Wetlands are commonly referred to as swamps, marshes, or bogs. It is not possible to be sure if an area is wetlands without gathering detailed information about the site and inspecting the property. If your land has any of the conditions below, you should investigate before going ahead with a project:
- The area often has standing water;
- The area is a low spot that holds water for several days after a heavy rain;
- The water table in the area is not far below the ground surface;
- Your land contains a stream or pond, with gentle banks (you may have a fringe of wetlands along the banks); or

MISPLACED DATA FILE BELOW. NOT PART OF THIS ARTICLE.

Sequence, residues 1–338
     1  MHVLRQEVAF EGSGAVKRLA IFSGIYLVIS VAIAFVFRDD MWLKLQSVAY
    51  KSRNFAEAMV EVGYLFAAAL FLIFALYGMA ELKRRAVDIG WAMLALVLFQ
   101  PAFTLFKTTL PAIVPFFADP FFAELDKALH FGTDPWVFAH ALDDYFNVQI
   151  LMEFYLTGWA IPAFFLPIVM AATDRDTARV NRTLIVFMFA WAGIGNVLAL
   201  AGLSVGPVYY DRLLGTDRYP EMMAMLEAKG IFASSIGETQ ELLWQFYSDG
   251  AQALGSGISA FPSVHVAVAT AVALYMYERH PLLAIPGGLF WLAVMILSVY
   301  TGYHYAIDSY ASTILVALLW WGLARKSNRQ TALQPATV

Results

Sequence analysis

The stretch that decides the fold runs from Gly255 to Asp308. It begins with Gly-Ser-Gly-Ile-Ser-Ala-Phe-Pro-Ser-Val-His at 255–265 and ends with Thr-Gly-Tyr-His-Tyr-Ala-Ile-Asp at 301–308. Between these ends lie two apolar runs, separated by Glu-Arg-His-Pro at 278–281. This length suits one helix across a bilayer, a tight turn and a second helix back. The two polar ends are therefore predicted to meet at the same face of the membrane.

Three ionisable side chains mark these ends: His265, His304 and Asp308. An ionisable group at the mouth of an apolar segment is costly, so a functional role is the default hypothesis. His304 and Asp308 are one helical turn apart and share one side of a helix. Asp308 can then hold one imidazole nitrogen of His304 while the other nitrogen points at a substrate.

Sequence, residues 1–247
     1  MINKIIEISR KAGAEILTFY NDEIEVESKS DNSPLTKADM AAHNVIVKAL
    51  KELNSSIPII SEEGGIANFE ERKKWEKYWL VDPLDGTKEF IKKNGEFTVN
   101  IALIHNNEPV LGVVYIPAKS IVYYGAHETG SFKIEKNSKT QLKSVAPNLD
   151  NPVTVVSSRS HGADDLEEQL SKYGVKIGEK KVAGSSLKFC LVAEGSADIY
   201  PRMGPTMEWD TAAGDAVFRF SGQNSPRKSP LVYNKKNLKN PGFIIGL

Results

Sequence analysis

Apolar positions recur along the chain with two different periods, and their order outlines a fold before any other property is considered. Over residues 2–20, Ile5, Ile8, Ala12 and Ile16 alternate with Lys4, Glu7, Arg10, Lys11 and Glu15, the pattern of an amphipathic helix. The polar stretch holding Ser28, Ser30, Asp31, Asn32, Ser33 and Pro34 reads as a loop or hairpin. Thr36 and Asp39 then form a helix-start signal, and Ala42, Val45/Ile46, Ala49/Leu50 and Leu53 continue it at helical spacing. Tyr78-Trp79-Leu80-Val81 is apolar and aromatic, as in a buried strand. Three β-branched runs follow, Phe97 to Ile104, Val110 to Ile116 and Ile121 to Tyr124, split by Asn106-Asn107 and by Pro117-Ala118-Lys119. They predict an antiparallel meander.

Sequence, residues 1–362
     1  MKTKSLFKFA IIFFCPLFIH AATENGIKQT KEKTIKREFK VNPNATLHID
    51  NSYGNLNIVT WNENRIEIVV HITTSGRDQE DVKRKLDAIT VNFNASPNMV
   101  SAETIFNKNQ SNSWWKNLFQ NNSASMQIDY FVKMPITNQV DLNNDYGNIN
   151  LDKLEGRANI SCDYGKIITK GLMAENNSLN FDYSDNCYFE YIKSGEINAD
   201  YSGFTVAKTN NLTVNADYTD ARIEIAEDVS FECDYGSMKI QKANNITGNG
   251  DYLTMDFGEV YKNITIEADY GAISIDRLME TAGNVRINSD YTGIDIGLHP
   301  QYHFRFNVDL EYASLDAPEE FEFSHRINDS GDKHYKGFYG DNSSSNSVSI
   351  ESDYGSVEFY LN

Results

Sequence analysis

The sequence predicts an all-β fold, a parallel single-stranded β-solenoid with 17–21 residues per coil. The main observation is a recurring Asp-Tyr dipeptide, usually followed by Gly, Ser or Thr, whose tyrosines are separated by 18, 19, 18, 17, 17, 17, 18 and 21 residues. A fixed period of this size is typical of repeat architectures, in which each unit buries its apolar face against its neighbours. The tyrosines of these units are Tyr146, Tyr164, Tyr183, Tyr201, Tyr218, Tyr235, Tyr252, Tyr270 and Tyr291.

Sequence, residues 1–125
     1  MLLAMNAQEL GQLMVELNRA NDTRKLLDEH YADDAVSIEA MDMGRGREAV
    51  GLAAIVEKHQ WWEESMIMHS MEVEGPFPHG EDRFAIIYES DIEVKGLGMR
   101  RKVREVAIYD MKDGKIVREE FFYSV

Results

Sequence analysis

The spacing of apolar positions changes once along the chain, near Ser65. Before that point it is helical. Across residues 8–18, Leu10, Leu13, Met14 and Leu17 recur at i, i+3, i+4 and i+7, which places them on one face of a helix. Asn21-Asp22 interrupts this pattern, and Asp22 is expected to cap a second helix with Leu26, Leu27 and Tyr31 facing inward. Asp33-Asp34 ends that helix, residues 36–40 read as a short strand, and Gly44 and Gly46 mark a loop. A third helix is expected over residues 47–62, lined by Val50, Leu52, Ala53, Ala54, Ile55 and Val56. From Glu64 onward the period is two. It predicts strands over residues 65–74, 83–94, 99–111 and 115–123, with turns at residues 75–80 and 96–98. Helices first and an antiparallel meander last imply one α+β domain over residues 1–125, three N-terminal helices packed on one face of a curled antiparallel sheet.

- Your land is located near a river, stream, or lake.
Flood Hazard Area
The rules of NJDEP’s Flood Hazard Control Act, Coastal Permit Program, and Coastal Zone Management are intended to incorporate more stringent standards for development in flood hazard areas and riparian zones adjacent to surface waters. The regulations include a 0% net-fill requirement which applies to all non-tidal flood hazard areas of the state; and, they also expand the preservation of near-stream vegetation by implementing new riparian zones that are 50, 150 or 300 feet in width along each side of surface waters throughout the state. The riparian zone width varies, depending on the
environmental resources being protected.
Whether your issue is wetlands, a flood hazard area, or soil erosion and sediment control, we can help you address any environmental permitting needs so your project can keep moving forward.